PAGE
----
Local vibrator company invites you to come as you are

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Lioness has one desire: To get women to have better orgasms. It’s a noble goal in the day and age of $12,000 sex robots and virtual reality pornography. Given that today’s technology is both fast-paced and impersonal on one hand and intensely interconnected on the other, Lioness brings the tech boom into the bedroom with what it claims to be the first vibrator designed specifically for self-experimentation. On June 22, the sex-tech company hosted an open house in its Jack London Square office to share its product with the community and create a space for dialogue about sex and sexual wellness.

Staged in Lioness’ own office space, the event was intimate — less of a sexy art show with plenty of dark corners ripe for an art heaux rendezvous, and more of a night at home with a significant other, one paired with a bottle of wine and candles. The room was peppered with plants and string lights. Eventgoers mingled throughout the space, but many congregated at its far end. There, blankets were carefully laid out to allow people to lounge and watch a slideshow of anonymous sexual confessions that ranged from steamy to outright stressful.

There wasn’t much to see at the event: Some vulva artwork made out of the balloon-animal type of balloons, a graveyard of the many prototypes that led up to the current iteration of the Lioness vibrator, the slideshow flicking through embarrassing and erotic experiences. The staff had vibrators on hand for attendees to caress and hold. Liz Klinger, the company’s co-founder and CEO, showed off on a cell phone all of the the charts and tags that set Lioness apart from other vibrators in its ability to track what works (or doesn’t) on any given day.

The only strictly artistic part of the event was “Artgasm,” made up of artful renderings of the three “orgasm patterns” that Lioness identified based on previous research and its own products’ biofeedback. Labeled “Ocean Wave,” “Volcano” and “Avalanche,” the charted orgasms pulsed, leaped and spilled across the screen, attempting to render the contractions and quivering that make up, well, orgasms.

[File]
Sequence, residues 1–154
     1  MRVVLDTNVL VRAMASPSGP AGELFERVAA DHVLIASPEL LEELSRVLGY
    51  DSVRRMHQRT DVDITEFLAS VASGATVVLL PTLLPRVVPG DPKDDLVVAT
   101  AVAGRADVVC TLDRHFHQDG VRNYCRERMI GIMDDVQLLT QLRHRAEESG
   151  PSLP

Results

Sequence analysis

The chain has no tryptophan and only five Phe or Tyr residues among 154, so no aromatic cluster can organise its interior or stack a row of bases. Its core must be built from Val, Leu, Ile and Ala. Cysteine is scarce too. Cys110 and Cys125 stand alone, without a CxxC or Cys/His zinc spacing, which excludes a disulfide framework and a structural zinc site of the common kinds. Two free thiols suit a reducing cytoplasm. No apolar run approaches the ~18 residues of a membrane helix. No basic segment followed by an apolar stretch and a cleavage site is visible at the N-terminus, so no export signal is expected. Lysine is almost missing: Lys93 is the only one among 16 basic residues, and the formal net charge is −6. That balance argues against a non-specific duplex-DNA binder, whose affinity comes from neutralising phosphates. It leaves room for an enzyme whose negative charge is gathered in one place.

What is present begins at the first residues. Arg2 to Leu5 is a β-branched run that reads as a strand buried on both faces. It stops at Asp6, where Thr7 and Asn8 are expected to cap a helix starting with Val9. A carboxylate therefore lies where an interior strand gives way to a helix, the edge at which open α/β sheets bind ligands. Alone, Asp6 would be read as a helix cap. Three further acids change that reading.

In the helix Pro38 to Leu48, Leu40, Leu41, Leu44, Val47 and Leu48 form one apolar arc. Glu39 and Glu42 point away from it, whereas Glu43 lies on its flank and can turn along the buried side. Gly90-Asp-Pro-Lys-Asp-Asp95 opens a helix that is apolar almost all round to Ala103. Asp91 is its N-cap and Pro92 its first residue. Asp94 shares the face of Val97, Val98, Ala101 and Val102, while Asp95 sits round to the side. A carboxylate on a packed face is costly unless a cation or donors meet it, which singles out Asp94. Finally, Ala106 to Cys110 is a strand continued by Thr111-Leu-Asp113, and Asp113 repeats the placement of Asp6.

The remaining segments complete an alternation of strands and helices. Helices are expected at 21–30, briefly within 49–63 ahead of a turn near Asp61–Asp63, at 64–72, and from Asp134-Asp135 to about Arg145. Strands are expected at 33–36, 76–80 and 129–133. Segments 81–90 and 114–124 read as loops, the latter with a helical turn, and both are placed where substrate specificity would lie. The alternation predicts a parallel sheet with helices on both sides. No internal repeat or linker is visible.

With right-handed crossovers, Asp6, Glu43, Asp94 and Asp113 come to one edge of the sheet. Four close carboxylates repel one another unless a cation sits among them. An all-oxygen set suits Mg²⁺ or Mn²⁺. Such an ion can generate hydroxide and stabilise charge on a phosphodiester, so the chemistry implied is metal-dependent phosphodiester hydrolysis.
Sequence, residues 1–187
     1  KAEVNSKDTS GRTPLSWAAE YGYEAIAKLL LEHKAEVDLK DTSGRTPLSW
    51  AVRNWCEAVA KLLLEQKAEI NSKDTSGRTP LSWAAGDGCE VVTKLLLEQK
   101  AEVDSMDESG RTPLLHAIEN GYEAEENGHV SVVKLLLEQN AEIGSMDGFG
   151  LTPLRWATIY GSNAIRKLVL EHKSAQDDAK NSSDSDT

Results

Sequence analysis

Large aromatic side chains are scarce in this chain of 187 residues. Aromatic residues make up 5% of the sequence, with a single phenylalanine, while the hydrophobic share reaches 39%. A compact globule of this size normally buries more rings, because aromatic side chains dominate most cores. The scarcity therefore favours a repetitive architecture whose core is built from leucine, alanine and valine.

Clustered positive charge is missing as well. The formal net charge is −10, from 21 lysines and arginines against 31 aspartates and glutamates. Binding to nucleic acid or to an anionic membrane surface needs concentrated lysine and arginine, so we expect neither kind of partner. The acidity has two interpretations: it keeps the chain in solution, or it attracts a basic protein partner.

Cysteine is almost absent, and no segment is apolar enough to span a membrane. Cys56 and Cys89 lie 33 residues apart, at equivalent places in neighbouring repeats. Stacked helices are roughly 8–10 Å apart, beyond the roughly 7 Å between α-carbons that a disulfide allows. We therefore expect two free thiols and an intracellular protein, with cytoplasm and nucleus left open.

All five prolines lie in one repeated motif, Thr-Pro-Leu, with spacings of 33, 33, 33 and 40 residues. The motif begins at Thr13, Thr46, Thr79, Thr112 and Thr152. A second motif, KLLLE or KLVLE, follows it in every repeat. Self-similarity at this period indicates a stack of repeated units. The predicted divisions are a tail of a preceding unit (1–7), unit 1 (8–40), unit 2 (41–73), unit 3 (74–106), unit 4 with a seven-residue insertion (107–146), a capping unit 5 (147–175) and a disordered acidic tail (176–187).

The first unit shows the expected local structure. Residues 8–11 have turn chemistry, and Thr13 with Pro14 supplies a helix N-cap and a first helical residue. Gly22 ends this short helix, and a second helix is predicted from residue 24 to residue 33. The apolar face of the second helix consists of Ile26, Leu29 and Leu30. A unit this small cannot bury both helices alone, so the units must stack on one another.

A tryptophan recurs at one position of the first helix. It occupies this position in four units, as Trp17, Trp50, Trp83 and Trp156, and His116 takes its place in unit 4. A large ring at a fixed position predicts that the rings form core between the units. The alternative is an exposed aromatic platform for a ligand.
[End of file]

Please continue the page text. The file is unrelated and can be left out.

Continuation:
It’s a feature so provocative and techy that it borders on dystopian. If nothing else, one would expect that orgasms get to remain private from the looming gaze of Big Tech. As much as Lioness cares about its customers, as much as it promises to not track private identities, at the end of the day, it is a company — no matter how artful and sensitive its self-styled image appears.

And the night wasn’t really one for art. As two of Lioness’ co-founders, Klinger and Anna Lee — a UC Berkeley alumnus — explained, their intention was to extend themselves to the East Bay. They hope to open their space to the community whose resources helped birth the vibrator that’s been receiving so much buzz.

As much as the event was held in celebration of this “smart” vibrator, so too was it a night to honor the contributions of those who had come before it: not only those in attendance, but the engineers, designers and salespeople whose work made the “Fitbit of vibrators” possible. Lioness’ staff mingled freely and happily with the attendees, answering questions when needed, but mostly chatting — presumably about life, love and how to have the best orgasms possible.

The event’s culmination was contained in a small fishbowl that had been filled over the night with written sexual confessions from its own attendees. Taking a card and passing the bowl along, staff and community members alike read aloud the room’s fantasies, truths, awkward and embarrassing stories and steamy exploits. The confessions were so popular that a second round — a bit bolder, a little sexier — immediately followed the first, sealing the night with the subtle vibration that sparked to life a consensual conversation about sex.

Lioness is a people-centric vibrator. Its buttons feature Braille. The arm that stimulates the clitoris is flexible enough to accommodate many differently shaped genitals, and its handle was designed for easy use by people with limited mobility. The company’s interest in, care for and attention to community was made evident nowhere more than in its June 22 event, which centered people and pleasure in a way few companies seem to do. The event certainly kicked off Pride weekend with a bang.

Contact Sarah Elisabeth Coduto at [email protected].